In a galaxy 22 million light-years distant, a black hole was born. For the first time in recorded history, humans were watching the astronomical phenomenon, reports a team from NASA, Ohio State, and Caltech.
The “Fireworks Galaxy” is known for its frequent supernovae. But starting in 2009, one of its stars named N6946-BH1 brightened just a bit – but then had disappeared from the most advanced telescopes by 2015.
The team used the Hubble and Spitzer space telescopes, the Large Binocular Telescope, and a variety of other methods to try and get a glimpse of the vanished star, as they describe in the Monthly Notices of the Royal Astronomical Society. But there wasn’t even any infrared radiation that marked the spot where the star had been, proving it wasn’t hidden behind a dust cloud or blocked by another object out in space, they said.
By process of elimination, they have determined that the star is just no longer there. Although it was 25 times more massive than our sun, it didn’t explode – instead it fizzled out, and left a blank spot where it had once been fixed in our sky, the team reports.
“N6946-BBH1 is the only likely failed supernova that we found in the first seven years of our survey,” said Scott Adams, a former Ohio State student now at Caltech.
The team monitored galaxies for years, looking for evidence of other supernovae and black holes.
“During this period, six normal supernovae have occurred within the galaxies we’ve been monitoring, suggesting that 10 to 30 percent of massive stars die as failed supernovae,” explained Adams.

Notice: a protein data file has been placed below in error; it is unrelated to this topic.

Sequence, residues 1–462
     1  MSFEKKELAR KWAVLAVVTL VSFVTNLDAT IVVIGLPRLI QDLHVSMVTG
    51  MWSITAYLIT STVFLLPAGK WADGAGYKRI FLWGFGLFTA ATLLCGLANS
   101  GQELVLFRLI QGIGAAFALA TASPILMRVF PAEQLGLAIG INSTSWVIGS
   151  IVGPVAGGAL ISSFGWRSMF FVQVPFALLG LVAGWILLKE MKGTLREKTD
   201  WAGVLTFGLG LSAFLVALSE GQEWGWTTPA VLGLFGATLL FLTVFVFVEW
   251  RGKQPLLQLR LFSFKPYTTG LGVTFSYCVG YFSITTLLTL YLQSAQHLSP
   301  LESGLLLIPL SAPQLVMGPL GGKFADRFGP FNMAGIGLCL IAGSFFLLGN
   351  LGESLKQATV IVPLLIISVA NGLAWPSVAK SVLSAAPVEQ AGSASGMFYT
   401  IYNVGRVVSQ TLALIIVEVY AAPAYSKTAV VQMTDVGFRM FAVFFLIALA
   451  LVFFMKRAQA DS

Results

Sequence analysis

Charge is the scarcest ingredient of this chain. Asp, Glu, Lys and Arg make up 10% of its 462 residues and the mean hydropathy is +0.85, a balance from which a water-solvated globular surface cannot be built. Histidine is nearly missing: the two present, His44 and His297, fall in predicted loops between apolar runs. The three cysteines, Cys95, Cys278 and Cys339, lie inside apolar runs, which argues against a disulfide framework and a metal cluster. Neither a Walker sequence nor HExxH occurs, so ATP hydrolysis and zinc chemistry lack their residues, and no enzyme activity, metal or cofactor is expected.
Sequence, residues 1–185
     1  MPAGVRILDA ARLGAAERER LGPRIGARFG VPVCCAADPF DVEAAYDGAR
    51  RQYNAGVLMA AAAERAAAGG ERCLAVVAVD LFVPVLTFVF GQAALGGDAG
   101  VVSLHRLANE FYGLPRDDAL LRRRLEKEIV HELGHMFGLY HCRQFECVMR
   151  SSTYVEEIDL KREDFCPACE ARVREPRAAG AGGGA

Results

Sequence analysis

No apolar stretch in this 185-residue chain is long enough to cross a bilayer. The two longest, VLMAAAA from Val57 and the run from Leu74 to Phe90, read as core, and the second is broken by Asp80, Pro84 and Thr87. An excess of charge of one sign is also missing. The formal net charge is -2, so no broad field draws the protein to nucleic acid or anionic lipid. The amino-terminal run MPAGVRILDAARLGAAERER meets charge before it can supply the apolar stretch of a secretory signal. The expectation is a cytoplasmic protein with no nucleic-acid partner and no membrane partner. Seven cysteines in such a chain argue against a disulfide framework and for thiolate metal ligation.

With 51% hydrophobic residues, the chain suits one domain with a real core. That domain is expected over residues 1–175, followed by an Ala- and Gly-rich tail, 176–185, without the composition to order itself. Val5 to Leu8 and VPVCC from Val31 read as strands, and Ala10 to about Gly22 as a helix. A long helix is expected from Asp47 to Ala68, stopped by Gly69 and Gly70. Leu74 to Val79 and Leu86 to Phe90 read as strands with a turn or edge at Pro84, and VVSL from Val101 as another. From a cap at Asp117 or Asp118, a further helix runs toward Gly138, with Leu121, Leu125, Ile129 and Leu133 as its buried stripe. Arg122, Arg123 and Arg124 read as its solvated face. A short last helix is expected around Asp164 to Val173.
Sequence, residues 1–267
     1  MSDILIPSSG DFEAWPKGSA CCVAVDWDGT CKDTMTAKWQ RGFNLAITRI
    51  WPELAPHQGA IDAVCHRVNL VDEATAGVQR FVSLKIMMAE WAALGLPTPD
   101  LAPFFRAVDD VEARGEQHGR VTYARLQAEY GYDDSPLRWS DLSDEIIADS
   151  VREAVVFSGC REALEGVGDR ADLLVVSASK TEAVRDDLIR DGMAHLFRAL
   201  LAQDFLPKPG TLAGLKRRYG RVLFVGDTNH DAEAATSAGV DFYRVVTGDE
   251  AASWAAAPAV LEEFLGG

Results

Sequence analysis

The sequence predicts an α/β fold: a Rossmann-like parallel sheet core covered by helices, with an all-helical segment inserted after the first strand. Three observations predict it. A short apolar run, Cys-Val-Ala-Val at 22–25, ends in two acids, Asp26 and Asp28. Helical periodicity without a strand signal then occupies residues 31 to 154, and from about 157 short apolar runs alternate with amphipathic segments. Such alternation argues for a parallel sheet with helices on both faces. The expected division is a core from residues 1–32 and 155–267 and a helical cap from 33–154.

Their conclusions could turn some traditionally accepted astrophysics, added Christopher Kochanek, a professor of astronomy at Ohio State.
“They typical view is that a star can form a black hole only after it goes supernova,” he said. “If a star can fall short of a supernova and still make a black hole, that would help to explain why we don’t see supernovae from the most massive stars.”
"In fact, not having a supernova means it may be easier to form a black hole. I suspect it’s much easier to make a very massive black hole if there is no supernova.” said Krzystof Stanek, also of Ohio State.
Black holes are only beginning to be analyzed by science, a full century after Albert Einstein’s theories of relativity. The detection of gravitational waves, the ripples in space-time created by the collision of two black holes, was first announced last year by the Laser Interferometer Gravitational-Wave Observatory.